Sunday, July 17, 2016

Reviews: 'The Cloud Forest' and 'Solo'

I didn't intentionally read these back to back, but what a great coincidence. Peter Matthiessen and Susan Fox Rogers each present books that take readers away on adventures they may perhaps never go on. I hope to one day travel to Spain, and Ireland and Scotland, Germany and possibly Sweden, but South America? I doubt it. Ditto India. (He doesn't go to India). But the writing is so perfect, you feel as though you are on board ship with him.
The stories Susan Fox Rogers collected and edited for Solo are so outstanding, either in the physical action (out-skiing an avalanche, hello!) or the emotional journey that those women experienced I wished I too, could throw it all in and just go. Go where my feet led me, go where my heart told me, go where my finger landed on the map. Perhaps it's selfishness, perhaps it's the onset on mid-life crisis, call it what you will, but I couldn't help but experience a pang of envy reading about these amazing adventures in places I will never see. My remedy has been to read more, of course, but with my children, to 'plan' adventures and mysteries that we might discover together. I don't really want to just run off and leave my family (except on quesadilla night, that is, when dinner food becomes hats and masks and Frisbees, anything BUT dinner), but there is an entire world out there to be explored. Until I am able to, I will live breathlessly through others' words, and encourage further exploration with my own family.

Currently I am working my way through Robert Frost's poetry. Everyone has read at least on poem by Frost, I am sure, unless you didn't go to school in the US. However, it seems we are only ever given the standard fare: After Apple Picking, The Mending Wall, The Road Not Taken, Stopping by the Woods on a Snowy Evening. I've never even actually read The Gift Outright. (It's in the book, and I'm trying really hard not to jump ahead and peek). Oh, yes, and the dismal Out, Out I read in high school English class. I have discovered such treasures as The Oven Bird:


There is a singer everyone has heard,
Loud, a mid-summer and a mid-wood bird,
Who makes the solid tree trunks sound again.
He says that leaves are old and that for flowers
Mid-summer is to spring as one to ten.
He says the early petal-fall is past
When pear and cherry bloom went down in showers
On sunny days a moment overcast;
And comes that other fall we name the fall.
He says the highway dust is over all.
The bird would cease and be as other birds
But that he knows in singing not to sing.
The question that he frames in all but words
Is what to make of a diminished thing.


and A Patch of Old Snow, which so eloquently resounds with today's world, I think. Every day we read/see/hear some new heartbreaking atrocity. If only it could all melt away...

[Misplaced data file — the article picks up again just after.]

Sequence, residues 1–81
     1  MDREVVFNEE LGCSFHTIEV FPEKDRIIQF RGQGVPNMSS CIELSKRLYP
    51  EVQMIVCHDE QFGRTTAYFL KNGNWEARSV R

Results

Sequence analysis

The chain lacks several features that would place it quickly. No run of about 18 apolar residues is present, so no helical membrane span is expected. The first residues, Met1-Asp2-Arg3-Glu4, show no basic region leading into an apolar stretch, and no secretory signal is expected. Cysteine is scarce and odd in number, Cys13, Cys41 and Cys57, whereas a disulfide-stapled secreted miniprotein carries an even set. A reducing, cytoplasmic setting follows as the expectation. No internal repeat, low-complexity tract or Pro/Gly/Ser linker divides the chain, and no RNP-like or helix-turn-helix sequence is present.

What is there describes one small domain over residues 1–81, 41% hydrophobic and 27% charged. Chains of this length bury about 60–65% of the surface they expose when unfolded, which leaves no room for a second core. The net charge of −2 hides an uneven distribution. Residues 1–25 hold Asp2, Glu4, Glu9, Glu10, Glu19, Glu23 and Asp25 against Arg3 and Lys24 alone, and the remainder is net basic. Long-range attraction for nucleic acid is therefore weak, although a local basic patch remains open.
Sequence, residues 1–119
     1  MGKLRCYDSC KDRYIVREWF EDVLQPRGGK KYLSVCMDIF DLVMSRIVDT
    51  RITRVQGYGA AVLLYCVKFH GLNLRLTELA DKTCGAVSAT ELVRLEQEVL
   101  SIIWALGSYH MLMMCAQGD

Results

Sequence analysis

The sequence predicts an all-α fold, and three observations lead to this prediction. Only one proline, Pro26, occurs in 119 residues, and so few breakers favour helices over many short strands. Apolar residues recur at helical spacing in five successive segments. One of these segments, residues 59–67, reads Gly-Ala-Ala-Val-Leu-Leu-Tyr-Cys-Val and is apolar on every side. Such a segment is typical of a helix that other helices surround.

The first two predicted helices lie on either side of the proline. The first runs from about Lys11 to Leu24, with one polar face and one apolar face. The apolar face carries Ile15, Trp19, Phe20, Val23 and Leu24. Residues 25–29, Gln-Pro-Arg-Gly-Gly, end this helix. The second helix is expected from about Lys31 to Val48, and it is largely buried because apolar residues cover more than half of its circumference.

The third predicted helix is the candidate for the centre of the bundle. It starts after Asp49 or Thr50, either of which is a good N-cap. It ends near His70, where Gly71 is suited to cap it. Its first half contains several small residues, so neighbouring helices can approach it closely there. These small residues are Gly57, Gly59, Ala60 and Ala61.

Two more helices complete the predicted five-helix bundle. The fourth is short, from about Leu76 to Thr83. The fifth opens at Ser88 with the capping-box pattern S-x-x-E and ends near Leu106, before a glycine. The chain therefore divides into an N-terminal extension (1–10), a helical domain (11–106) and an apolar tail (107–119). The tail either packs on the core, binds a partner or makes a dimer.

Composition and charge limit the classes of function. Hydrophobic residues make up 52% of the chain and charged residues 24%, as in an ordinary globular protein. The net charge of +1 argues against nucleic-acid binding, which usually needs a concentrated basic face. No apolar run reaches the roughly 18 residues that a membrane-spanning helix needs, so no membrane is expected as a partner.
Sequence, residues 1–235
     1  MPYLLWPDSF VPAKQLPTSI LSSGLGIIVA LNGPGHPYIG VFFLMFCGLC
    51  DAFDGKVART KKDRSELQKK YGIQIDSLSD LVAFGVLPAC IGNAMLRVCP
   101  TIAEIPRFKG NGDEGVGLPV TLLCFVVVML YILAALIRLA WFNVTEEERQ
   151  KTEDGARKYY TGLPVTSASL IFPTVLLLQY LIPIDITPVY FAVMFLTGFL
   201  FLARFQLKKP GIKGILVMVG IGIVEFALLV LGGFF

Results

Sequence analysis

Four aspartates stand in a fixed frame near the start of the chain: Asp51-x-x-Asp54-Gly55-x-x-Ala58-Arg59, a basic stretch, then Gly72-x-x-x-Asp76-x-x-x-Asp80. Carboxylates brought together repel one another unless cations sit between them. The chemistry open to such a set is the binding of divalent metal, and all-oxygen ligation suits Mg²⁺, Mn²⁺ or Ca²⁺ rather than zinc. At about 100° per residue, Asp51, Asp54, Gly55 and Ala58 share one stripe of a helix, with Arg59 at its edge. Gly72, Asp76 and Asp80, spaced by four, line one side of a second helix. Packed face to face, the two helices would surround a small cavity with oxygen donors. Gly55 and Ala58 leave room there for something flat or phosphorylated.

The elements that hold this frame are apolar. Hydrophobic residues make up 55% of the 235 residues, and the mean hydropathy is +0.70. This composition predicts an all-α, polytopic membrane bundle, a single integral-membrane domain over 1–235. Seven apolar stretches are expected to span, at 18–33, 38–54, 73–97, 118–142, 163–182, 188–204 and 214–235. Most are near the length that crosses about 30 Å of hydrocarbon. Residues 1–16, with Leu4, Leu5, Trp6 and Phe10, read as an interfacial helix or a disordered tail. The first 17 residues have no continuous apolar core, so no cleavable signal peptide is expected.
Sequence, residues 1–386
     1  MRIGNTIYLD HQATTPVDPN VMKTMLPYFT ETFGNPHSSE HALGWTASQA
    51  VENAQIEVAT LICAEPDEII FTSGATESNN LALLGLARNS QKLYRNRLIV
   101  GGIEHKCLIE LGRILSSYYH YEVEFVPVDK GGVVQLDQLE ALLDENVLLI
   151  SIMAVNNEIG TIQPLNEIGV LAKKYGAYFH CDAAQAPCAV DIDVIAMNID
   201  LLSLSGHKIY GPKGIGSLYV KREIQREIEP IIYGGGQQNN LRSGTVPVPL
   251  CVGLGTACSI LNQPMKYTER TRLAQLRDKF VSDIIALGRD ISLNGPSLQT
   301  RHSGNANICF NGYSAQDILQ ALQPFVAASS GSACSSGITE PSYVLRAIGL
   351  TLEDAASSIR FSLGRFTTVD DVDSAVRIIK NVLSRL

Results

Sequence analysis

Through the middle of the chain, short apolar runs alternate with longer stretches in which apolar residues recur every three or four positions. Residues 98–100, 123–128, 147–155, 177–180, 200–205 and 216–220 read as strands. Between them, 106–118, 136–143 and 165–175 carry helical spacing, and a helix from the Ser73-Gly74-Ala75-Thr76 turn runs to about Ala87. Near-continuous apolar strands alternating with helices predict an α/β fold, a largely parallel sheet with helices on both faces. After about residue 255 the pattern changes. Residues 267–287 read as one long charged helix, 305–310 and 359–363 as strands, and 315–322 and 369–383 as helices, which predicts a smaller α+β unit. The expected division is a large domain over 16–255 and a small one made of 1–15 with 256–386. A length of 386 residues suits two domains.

There's a patch of old snow in a corner
That I should have guessed
Was a blow-away paper the rain
Had brought to rest.

It is speckled with grime as if
Small print overspread it,
The news of a day I've forgotten --
If I ever read it. 


Lastly, The Exposed Nest, reminding us of the sweet innocence and deep-hearted love that children have for the world they live in:

YOU were forever finding some new play.

So when I saw you down on hands and knees
In the meadow, busy with the new-cut hay,
Trying, I thought, to set it up on end,
I went to show you how to make it stay,        5
If that was your idea, against the breeze,
And, if you asked me, even help pretend
To make it root again and grow afresh.
But ’twas no make-believe with you to-day,
Nor was the grass itself your real concern,        10
Though I found your hand full of wilted fern,
Steel-bright June-grass, and blackening heads of clover.
’Twas a nest full of young birds on the ground
The cutter-bar had just gone champing over
(Miraculously without tasting flesh)        15
And left defenseless to the heat and light.
You wanted to restore them to their right
Of something interposed between their sight
And too much world at once—could means be found.
The way the nest-full every time we stirred        20
Stood up to us as to a mother-bird
Whose coming home has been too long deferred,
Made me ask would the mother-bird return
And care for them in such a change of scene
And might our meddling make her more afraid.        25
That was a thing we could not wait to learn.
We saw the risk we took in doing good,
But dared not spare to do the best we could
Though harm should come of it; so built the screen
You had begun, and gave them back their shade.        30
All this to prove we cared. Why is there then
No more to tell? We turned to other things.
I haven’t any memory—have you?—
Of ever coming to the place again
To see if the birds lived the first night through,        35
And so at last to learn to use their wings.

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